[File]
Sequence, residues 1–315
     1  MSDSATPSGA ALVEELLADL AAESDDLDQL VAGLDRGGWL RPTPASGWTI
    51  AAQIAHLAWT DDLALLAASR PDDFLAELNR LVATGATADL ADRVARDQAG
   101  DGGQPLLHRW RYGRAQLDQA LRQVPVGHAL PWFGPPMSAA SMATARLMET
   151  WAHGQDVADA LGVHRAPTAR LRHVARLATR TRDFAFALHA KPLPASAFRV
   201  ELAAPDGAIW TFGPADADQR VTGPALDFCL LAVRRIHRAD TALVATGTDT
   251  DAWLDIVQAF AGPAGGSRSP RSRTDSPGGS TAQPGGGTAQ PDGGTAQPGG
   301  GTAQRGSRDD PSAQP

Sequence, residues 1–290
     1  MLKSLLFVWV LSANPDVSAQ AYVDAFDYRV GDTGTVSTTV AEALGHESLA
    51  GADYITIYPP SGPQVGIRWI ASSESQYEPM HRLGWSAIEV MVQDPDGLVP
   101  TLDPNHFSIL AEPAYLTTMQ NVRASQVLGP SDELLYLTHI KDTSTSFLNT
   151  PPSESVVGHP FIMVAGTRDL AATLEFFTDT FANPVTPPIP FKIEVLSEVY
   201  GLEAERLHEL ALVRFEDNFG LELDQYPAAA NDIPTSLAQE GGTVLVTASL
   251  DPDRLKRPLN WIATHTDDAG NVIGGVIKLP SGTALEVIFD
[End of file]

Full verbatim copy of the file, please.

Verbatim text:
Sequence, residues 1–315
     1  MSDSATPSGA ALVEELLADL AAESDDLDQL VAGLDRGGWL RPTPASGWTI
    51  AAQIAHLAWT DDLALLAASR PDDFLAELNR LVATGATADL ADRVARDQAG
   101  DGGQPLLHRW RYGRAQLDQA LRQVPVGHAL PWFGPPMSAA SMATARLMET
   151  WAHGQDVADA LGVHRAPTAR LRHVARLATR TRDFAFALHA KPLPASAFRV
   201  ELAAPDGAIW TFGPADADQR VTGPALDFCL LAVRRIHRAD TALVATGTDT
   251  DAWLDIVQAF AGPAGGSRSP RSRTDSPGGS TAQPGGGTAQ PDGGTAQPGG
   301  GTAQRGSRDD PSAQP

Sequence, residues 1–290
     1  MLKSLLFVWV LSANPDVSAQ AYVDAFDYRV GDTGTVSTTV AEALGHESLA
    51  GADYITIYPP SGPQVGIRWI ASSESQYEPM HRLGWSAIEV MVQDPDGLVP
   101  TLDPNHFSIL AEPAYLTTMQ NVRASQVLGP SDELLYLTHI KDTSTSFLNT
   151  PPSESVVGHP FIMVAGTRDL AATLEFFTDT FANPVTPPIP FKIEVLSEVY
   201  GLEAERLHEL ALVRFEDNFG LELDQYPAAA NDIPTSLAQE GGTVLVTASL
   251  DPDRLKRPLN WIATHTDDAG NVIGGVIKLP SGTALEVIFD